Companies that did not respond to the investor request for data received an F for failure to disclose. More than half (677) of the companies asked to disclose by investors failed to do so. US companies matched the global average with 52 percent of those asked failing to disclose investment-relevant information on water.
The energy sector continues to lag behind other industry sectors on water transparency, with only 29 percent of those companies requested to disclose providing information to their investors via CDP this year. ExxonMobil, Chevron and Shell are the three largest energy companies that, since 2012, have failed to respond to investor requests for disclosure.
Pierce says while he can’t comment on Exxon, Chevron and Shell’s water management efforts, energy companies that did disclose are acknowledging the long-term interest of their shareholders and the role water plays in their business risk.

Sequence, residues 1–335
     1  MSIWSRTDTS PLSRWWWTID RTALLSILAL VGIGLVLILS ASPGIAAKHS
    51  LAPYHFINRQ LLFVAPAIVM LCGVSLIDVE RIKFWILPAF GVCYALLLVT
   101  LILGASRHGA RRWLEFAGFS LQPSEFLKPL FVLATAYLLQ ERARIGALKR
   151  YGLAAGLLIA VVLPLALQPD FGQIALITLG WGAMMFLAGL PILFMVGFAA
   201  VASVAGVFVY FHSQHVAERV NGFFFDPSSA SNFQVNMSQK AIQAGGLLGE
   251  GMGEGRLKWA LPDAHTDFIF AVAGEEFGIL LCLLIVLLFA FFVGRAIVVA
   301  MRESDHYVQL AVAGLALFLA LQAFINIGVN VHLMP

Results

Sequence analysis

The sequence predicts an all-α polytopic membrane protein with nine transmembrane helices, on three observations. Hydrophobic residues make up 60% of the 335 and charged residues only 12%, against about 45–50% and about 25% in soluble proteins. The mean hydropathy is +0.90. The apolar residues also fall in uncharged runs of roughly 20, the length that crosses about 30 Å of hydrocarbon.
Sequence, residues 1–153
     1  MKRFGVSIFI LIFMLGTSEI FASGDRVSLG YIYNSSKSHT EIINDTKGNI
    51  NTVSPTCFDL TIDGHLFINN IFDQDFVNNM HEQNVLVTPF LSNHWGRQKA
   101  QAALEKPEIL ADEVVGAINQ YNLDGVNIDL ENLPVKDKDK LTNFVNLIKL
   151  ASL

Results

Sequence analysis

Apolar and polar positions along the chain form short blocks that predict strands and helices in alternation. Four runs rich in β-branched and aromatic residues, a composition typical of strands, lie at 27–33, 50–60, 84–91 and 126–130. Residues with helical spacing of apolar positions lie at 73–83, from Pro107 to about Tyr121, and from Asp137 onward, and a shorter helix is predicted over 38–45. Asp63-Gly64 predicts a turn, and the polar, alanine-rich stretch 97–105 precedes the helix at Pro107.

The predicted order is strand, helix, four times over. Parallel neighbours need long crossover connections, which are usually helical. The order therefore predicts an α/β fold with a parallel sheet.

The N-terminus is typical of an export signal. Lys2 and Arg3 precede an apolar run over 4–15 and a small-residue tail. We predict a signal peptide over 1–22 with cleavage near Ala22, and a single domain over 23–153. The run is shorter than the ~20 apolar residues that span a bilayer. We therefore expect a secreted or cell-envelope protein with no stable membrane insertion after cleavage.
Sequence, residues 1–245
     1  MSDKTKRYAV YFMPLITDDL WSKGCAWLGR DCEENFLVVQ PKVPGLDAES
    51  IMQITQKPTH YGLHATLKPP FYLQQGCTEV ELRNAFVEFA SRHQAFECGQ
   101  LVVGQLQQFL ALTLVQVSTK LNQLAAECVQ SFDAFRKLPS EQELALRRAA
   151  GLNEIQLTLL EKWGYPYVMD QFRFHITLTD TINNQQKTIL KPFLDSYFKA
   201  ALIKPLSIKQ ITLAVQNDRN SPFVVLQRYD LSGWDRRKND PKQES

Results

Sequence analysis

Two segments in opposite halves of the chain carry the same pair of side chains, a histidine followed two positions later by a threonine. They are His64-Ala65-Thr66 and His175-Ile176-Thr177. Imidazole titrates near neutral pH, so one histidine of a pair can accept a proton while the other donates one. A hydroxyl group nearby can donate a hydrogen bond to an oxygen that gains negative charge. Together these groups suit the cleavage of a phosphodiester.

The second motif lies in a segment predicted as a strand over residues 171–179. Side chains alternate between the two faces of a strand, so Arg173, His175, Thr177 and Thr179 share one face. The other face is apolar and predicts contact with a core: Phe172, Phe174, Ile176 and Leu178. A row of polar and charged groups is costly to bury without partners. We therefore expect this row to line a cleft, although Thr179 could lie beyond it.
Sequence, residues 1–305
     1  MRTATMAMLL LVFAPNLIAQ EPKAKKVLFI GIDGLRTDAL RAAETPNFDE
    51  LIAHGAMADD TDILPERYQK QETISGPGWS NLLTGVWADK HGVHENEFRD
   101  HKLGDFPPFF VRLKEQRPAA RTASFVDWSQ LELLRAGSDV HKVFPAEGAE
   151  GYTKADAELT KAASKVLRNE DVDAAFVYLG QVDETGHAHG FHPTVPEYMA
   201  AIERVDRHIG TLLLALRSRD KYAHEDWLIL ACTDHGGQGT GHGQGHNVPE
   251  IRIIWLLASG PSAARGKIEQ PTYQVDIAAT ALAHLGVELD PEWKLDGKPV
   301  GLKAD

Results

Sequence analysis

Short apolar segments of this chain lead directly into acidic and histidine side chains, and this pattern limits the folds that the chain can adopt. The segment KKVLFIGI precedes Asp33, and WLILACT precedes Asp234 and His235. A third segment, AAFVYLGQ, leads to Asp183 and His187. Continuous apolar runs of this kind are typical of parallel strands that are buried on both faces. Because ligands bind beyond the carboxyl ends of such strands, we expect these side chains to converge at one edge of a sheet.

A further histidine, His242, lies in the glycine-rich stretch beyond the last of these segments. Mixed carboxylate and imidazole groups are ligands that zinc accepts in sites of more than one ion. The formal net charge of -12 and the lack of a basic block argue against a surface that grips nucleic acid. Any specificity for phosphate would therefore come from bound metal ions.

“Over 600 institutional investors with $67 trillion in assets ask for this data, not out of mere curiosity, but because they have a clear interest in corporate water management and how that relates to their portfolios,” he said. “They ask companies to disclose this information through CDP’s platform because they are after a market-wide view of how companies are addressing this challenge.”
This year’s report also links corporate water management with emissions goals — a connection that is frequently overlooked by firms looking to improve their energy efficiency and shrink their carbon footprint. CDP analysis found one in four (24 percent) of greenhouse gas emissions reduction activities reported by companies depend on a stable supply of water. Water can help facilitate — or unravel — these low-carbon efforts.